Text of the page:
credit: Shell Motorsport Media


  • Qualifying: Alonso (3rd) Massa (6th)
  • Race: Alonso (7th) Massa (10th)

Disaster time for Ferrari – we imagine that, were there a panic alarm in the Ferrari garage, it would have been going at full whack for most of the race. We also like to think it would make the sound of a neighing horse.

It was, let’s be honest, Alonso’s to lose, but a bad strategy decision to cover Webber’s early pit stop led to disaster. Bottled up behind Petrov (who’d stopped early behind the safety car) Alonso wasn’t able to get past and cut a very frustrated figure after the race.

If Abu Dhabi was even a half decent racing circuit, it wouldn’t have been a problem. Alonso would have lined Petrov up and got past at some point – imagine the scenario at Brazil for example.

Yes, we want to see good driving and good scraps, but there’s no point in having a race where a very quick car and driver fighting for the World Championship in the last race of the season can’t overtake someone (or even attempt to) a slower car and driver. It’s just nonsense.

Massa had much the same problem as Alonso and toed the Badger party line after the race: “at a fantastic venue like this, it’s a shame that overtaking is so difficult.” Quite so, Felipe, quite so.

Badger’s best: Alonso

Toro Rosso

  • Qualifying: Alguersuari (17th) Buemi (18th)
  • Race: Alguersuari (9th) Buemi (15th)

Well well well. Jaime Alguersuari – hello.

To go from starting 17th with a car that didn’t look fast at all to finish ninth is a great achievement. He was another one of the main beneficiaries from the Schumacher accident and consequent early pit stops.

To have kept Felipe Massa behind him is no small achievement, even at a track like Abu Dhabi. He explained it thus: “I could feel the track condition improving all the time and that meant I was able to have an edge over Massa in sector three and maintain the distance in the first two sectors, even though he was probably fractionally faster than me.”

A great way to end the season for one of the most improved performers on the grid.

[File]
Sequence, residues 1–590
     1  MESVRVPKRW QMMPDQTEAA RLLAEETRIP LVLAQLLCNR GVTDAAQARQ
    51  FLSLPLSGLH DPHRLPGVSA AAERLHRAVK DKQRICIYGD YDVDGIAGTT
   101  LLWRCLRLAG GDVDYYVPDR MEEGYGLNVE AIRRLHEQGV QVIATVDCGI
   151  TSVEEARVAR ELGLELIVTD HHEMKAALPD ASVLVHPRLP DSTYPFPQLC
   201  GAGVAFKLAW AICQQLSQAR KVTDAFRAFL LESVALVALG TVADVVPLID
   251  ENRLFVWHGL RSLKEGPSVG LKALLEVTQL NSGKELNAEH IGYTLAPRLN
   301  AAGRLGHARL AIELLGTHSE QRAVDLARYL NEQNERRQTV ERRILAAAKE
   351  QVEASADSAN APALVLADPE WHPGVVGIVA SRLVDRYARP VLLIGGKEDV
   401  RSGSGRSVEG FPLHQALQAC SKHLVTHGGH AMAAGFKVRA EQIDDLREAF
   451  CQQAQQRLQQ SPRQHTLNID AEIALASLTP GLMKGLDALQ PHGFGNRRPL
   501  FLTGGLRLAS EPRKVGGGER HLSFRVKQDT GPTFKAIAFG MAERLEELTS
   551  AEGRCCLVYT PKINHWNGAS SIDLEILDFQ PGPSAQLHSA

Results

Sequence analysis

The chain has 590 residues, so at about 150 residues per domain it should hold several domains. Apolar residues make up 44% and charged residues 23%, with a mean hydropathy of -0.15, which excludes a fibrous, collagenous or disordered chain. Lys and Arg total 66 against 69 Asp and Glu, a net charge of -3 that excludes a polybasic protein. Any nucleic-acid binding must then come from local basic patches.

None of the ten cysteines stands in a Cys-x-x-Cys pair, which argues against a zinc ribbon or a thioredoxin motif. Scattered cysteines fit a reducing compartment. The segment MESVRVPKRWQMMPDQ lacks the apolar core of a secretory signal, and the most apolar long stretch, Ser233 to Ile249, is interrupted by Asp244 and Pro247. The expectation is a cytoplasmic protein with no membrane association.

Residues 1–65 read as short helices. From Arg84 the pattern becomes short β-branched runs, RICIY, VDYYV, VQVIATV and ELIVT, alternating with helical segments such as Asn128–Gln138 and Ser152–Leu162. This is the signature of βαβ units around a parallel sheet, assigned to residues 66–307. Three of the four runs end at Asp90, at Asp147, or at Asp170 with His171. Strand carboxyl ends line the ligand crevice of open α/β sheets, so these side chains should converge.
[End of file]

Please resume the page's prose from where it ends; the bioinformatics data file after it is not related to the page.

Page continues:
Buemi, by contrast, is slowly watching his star fade. He wasn’t the beneficiary of an early stop – do you sense some bitterness here?: “The team decided to bring Jaime in for a tyre change and keep me out during the Safety Car period. I think my team-mate’s strategy proved to be the better one as there was no tyre degradation… I’m a bit disappointed, because I feel that if I had been on a different strategy I could easily have finished in the points.” It’s just not cutting his way at the moment, which probably isn’t helped by the impression that Jaime is doing a good job. It looks like the Swiss is the one with all the holes at the moment.

Badger’s best: Alguersuari


  • Qualifying: Kobayashi (12th) Heidfeld (14th)
  • Race: Heidfeld (11th) Kobayashi (14th)

A shame for Nick Heidfeld that he couldn’t make it into the points in his last race for Sauber (at least for the moment).

That said, he managed to pit early and gain three places and then be stuck in traffic the rest of the afternoon. Not the greatest last race of the season for the experienced German.

Kobayashi had a similar story, but didn’t come in early during the safety car so dropped back slightly. After that, his position was pretty much fixed for the rest of the afternoon. Not even he fancied a crazy run up the inside of anyone, which was a real shame.

More broadly, Nick Heidfeld deserves a drive in F1 next season. You won’t find a more consistent driver so, for a mid-table team, he’d be the perfect man to stack up the constructors’ championship points. Come on everyone, get on board the Heidfeld train!

Badger’s best: Heidfeld


  • Qualifying: Barrichello (7th) Hulkenberg (15th)
  • Race: Barrichello (12th) Hulkenberg (16th)

Not the ideal end to the season for Williams (at least in terms of the race), but well done to the team for ensuring they beat Force India in the constructors’ championship.

Barrichello enthused after the race about his move around Sutil into turn four after the Force India man exited his pit stop in front of him, but apart from that there wasn’t much doing. A shame, but he’s done more than enough to justify Williams giving him a new contract. The man is, quite simply, a legend.

Hulkenberg, fresh from pole in Brazil, came back down to earth with a bang – qualifying fifteenth and then finishing sixteenth. Oh, as well as being dropped for next season. How fickle F1 is…

His last race wasn’t exactly a barnstormer – so dull was it, we’ll let him tell you about it himself…

I started on the prime and did a long first stint and then a shorter one on the option but car pace wasn’t good so it didn’t work out for us. I lost position at the start, and then while avoiding the first lap incident, but I don’t think it made much of a difference to the overall picture.”

We think he deserves to stay in F1 but, to be honest, we can’t blame Williams for dropping him. There were too few good performances, too many average ones and quite a few thoroughly indifferent ones. For the Next Big Thing of this time last year, it’s not exactly gone according to plan.

Hispania? Don’t touch them with a barge pole Nico…

Badger’s best: Barrichello